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ToySphere – Immerse Yourself in the LEGOverse

I recently participated in the pre-launch demonstration of a very interesting new website called ToySphere that is attempting to revolutionize the way we browse the internet, search for information, and shop for products. It was developed by Sphere Research Ltd, a web development company based in the UK, who’s founders also happen to be passionate LEGO fans. Below, I have included the press-release as well as other information from the pre-launch event.

Sphere announced the launch of LEGO ToySphere, a completely unique and immersive format, reimagining shopping for LEGO and allowing fans to view the last decade of LEGO sets like never before.

Lifelong LEGO fans Olly Treadway and Warren Minde have come together to build ToySphere – bringing the excitement, playfulness and immersion of a trip to a real LEGO store online. Pouring time and passion into building this awesome new way to explore and shop LEGO, the team has spent the past six years on this epic fan project.

Combining Olly’s tech wizardry and passion for LEGO, with Warren’s years of experience consulting to the LEGO leadership at their HQ in Billund, Denmark, this is LEGO as you’ve never seen it.

“Our vision is to radically change the way people discover, curate, and buy content on the web by bringing wonder , simplicity, and intuition back to the browsing experience. There’s no better product than LEGO to showcase this.” – Olly Treadway, Founder, ToySphere

“At a time when we are all missing the playful world of discovery that is a real life LEGO store, we hope to bring a little of that joy and humanity to the online experience with ToySphere. We really hope that AFOLs (Adult Fans of LEGO), parents, and kids enjoy exploring and playing in the Sphere.” Warren Minde, Chief Strategy Officer, ToySphere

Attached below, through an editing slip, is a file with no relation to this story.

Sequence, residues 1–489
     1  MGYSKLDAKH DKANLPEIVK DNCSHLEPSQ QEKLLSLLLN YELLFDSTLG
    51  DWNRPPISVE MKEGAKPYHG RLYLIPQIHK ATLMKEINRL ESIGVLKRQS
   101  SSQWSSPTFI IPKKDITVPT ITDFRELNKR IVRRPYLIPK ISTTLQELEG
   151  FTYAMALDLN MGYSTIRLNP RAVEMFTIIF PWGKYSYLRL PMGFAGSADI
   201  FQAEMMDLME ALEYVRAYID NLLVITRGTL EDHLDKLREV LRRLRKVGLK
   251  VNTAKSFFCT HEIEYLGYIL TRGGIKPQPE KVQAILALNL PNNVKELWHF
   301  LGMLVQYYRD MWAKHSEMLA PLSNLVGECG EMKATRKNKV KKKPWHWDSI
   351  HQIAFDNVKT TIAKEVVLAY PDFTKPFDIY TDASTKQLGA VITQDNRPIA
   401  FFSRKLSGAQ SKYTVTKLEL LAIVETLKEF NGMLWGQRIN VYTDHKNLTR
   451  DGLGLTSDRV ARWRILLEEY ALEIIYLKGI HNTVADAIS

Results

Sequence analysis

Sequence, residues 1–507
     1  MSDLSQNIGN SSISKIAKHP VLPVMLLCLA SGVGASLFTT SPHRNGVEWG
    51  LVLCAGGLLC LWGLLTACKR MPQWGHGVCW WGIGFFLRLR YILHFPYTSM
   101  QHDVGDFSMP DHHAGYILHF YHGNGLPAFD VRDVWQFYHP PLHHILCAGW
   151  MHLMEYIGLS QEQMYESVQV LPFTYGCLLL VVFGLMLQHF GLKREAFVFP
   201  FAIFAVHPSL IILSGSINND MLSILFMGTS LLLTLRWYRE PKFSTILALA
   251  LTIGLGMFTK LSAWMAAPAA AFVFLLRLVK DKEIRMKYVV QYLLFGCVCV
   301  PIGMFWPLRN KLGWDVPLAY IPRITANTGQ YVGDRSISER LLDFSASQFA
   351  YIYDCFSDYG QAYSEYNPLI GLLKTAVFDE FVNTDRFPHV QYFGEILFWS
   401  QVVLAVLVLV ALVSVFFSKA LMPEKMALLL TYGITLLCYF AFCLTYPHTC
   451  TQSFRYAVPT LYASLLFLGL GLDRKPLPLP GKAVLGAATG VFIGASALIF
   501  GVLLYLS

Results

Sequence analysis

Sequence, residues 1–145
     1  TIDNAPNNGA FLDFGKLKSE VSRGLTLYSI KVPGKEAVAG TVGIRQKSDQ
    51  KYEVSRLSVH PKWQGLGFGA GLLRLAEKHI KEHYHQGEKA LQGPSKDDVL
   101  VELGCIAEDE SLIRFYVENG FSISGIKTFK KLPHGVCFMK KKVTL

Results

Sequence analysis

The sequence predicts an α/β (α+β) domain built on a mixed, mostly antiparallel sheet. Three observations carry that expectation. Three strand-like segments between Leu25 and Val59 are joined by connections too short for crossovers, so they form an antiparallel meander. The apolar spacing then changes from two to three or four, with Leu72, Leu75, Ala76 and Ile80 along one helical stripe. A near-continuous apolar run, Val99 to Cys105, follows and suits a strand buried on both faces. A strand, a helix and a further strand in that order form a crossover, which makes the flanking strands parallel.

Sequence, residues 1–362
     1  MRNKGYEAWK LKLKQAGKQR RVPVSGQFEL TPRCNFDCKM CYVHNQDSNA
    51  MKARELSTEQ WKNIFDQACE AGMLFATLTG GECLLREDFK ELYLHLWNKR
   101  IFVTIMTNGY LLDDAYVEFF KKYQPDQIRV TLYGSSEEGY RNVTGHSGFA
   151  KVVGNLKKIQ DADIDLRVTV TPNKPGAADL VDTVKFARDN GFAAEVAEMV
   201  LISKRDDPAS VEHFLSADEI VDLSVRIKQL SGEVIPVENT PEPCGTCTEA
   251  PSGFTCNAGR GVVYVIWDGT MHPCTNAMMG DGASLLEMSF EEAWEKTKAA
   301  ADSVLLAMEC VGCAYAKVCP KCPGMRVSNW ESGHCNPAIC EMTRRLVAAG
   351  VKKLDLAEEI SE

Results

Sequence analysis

LEGO ToySphere launched to the public at the end of September, with access to the LEGO Star Wars, LEGO City, LEGO Architecture, LEGO Minecraft, and LEGO Technic Spheres. The site will be continuously updated as new sets are released, and exciting new Spheres – including LEGO Harry Potter, LEGO Jurassic Park, LEGO Super Mario, LEGO DUPLO, and LEGO Creator – will be launched over the coming weeks.

Ready to think outside the blocks? To explore ToySphere and immerse in the new LEGOverse, visit Bricks.ToySphere.com.

As you can see from the press-release, Olly and Warren are attempting to recreate the atmosphere of a physical LEGO store combined with the; the bright colors, the amazing displays, the LEGO sets stacked up on the shelves. When you go to the ToySphere website, you will be greeted by a cluster of planets or Spheres representing various LEGO themes.

As noted in the press-release, not all spheres are live yet, but the ones that are available are clickable, and you can enter to browse all the sets in that theme in a three dimensional panoramic view, as well as related videos, information on each of the sets, and links to purchase the sets directly from the Online LEGO Shop or eBay.

There will be other features added as well, like being able to browse sets by year released, see all the parts in a set, and more. Think of it like the Brickset database, but more visually dynamic. The founders also have ideas of how to integrate the site with the BrickLink database and marketplace. In the video below, Dr. McBrick, who also participated in the pre-launch demonstration talks about the site in more detail.

It’s interesting to think about the implications of this type of visual and unrestricted three dimensional browsing technology not just in the LEGO hobby but in other industries as well. Imagine being able to browse music, books, games, toys, cars, restaurants, and fun places to visit in a similar way. And how about education? Teachers could really put students in the front seat to experience and learn about different fields of knowledge.